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  13. I personally feel that if you've to make a pro-con list about getting married that is big enough reason not to get married.If you want to get married you'll get married and nothing will stand your way not.Not the government,not your financial sit,not stupid old tradition or religion.If you really want it you'll make it work for you.And like some of the comments posted above have stated there's no strict rules you've to follow to get married and be married.You can make your rules.I've always imagined waking up one morning and realizing that I've met someone that I want to spend the rest of my life. Then ask that person to marry me and making it official later day. If possible by going to the clerk's office if not will do it right there in bed.Then celebrate with or friends. For me there doesn't have that much hoopla involved.

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  14. Yes - as everyone is saying - the wedding can cost very little. My friends got married in a state park in the woods on a beautiful summer day (free), in inexpensive but beautiful dresses, they exchanged Claddagh rings (under $100) and had a party in the side yard of a friends home (no rental cost) with a friend DJ (free) and some other friends catering. ($500). Instead of flowers, they strung white Christmas lights and did candles in jars at the party.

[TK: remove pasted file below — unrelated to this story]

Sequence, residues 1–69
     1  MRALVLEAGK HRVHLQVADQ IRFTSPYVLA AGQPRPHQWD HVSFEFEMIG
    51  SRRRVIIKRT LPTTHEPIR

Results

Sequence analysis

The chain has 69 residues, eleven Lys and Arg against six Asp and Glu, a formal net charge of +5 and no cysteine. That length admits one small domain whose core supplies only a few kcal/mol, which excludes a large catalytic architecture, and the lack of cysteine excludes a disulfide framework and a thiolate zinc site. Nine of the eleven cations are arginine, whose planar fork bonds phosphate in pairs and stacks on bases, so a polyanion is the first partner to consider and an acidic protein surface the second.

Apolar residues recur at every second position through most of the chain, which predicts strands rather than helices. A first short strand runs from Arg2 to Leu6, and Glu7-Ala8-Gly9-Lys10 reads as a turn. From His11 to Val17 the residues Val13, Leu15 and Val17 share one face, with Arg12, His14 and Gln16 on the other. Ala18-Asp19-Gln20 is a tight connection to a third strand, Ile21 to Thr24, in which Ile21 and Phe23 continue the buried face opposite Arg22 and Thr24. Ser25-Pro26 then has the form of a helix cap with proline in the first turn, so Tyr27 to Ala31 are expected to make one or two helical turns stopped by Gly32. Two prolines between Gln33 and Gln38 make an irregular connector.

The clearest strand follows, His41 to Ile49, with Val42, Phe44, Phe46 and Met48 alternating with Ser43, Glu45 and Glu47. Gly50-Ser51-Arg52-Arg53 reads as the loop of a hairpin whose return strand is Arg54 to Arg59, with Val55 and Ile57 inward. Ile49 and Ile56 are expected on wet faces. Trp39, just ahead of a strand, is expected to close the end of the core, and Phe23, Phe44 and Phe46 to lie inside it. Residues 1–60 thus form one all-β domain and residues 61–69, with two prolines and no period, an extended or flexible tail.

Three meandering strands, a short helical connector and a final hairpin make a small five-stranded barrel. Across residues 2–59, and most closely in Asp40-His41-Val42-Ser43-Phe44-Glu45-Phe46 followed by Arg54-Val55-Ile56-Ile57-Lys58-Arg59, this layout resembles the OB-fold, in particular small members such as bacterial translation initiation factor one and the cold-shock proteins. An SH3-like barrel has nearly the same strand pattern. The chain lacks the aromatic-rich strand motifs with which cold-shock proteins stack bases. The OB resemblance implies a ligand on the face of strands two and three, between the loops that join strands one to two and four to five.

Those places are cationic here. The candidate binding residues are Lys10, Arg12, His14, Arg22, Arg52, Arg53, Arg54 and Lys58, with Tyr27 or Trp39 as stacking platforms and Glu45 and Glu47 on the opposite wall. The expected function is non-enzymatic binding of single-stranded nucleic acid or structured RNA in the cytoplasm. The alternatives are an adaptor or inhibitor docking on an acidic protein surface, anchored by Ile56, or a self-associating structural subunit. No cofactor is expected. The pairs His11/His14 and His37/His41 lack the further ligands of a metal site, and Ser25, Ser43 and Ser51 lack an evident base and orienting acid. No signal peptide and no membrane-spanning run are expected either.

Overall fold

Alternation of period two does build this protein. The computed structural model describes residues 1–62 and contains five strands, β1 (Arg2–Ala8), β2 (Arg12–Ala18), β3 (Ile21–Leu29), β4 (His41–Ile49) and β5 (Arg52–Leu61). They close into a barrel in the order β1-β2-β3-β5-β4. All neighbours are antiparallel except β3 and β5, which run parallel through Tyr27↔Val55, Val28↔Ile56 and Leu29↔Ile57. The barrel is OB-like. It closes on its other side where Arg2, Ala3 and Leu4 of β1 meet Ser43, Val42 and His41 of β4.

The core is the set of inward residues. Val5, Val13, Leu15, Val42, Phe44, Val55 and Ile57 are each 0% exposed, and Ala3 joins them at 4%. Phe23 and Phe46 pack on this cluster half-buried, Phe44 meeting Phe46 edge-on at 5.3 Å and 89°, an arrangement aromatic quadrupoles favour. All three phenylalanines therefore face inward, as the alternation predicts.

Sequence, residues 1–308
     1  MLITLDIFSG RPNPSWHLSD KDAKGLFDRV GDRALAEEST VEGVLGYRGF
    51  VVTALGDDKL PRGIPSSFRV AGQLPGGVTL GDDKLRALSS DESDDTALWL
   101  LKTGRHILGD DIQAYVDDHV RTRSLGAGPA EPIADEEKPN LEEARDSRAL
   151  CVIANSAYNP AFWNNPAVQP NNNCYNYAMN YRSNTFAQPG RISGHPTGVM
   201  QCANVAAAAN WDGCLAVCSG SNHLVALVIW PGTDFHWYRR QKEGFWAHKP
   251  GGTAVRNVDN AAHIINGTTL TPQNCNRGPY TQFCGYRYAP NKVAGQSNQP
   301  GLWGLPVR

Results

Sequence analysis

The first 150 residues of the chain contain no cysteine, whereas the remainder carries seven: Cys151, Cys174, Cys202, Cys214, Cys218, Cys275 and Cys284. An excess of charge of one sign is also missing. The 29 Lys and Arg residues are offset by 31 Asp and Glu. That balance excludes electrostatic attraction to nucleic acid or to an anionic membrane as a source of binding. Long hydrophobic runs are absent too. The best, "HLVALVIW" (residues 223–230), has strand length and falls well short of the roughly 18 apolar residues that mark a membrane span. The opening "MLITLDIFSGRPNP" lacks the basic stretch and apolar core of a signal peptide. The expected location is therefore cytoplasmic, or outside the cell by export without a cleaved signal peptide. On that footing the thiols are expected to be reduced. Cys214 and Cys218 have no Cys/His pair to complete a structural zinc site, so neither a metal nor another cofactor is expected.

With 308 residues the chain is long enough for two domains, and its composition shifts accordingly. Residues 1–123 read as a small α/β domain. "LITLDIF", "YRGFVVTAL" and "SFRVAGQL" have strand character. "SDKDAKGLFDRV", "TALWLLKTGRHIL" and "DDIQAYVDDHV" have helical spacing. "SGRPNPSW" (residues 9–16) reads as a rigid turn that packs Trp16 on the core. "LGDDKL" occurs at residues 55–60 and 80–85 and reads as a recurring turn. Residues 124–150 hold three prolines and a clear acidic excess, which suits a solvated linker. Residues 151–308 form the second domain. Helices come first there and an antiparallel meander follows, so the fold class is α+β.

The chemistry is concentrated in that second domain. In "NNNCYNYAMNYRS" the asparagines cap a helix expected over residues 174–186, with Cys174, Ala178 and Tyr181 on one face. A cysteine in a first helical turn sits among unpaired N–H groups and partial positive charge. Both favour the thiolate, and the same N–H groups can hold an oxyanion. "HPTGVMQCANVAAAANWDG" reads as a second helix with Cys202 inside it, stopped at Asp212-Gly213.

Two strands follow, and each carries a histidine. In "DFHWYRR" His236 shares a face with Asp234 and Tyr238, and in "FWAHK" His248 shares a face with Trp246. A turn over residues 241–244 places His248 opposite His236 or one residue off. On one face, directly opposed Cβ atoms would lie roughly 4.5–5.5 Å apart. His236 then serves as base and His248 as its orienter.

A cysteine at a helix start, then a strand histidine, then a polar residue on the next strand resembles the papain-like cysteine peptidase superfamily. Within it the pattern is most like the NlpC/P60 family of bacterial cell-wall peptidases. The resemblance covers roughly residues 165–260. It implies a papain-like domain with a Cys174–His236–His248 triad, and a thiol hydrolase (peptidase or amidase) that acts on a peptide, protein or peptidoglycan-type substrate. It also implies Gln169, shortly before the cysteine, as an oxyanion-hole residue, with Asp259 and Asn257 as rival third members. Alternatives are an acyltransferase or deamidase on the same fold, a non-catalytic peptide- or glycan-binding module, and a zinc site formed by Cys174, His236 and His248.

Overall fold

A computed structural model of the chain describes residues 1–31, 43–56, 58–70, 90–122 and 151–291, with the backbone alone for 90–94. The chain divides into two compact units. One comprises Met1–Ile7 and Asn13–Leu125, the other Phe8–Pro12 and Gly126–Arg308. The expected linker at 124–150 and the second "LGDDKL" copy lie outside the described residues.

I think monogamy is between the two of you, as you agree on.

    And never under estimate the power of "my wife..." in conversation. One of the most powerful tools in my arsenal for changing minds and hearts.

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  15. Oh, and some other things I forgot - boy did my family snap into treating us as a serious couple after. I think some of that had to do with the impact of our guest list - 150+ people showing up to your party to cheer for you and dance their asses off can be impressive, especially since it topped the attendance of any of my siblings' weddings. It's nice to have friends. :)

    And our wedding day - awesome. I've never been more happy. She looked beautiful, the day was gorgeous, and how often do you get people to gather to say how much they support you? Other than birthdays, not often.

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  16. I loved my wedding day. :-) It was awesome to see how many people love us and were happy for us.

    It was beautiful and I skipped having a bridal shower and rehearsal dinner to try and not stress out my besties...I did make them go to Vegas for my bachelorette party tho!

    Ps. The Candy Apple red Kitchenaid is now MINE

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  17. In response to one of the concerns you wrote about, I'd like to mention that marriage has nothing to do with monogamy. Yes, people will assume two married people are at least trying to be monogamous, but they do that with every couple anyways.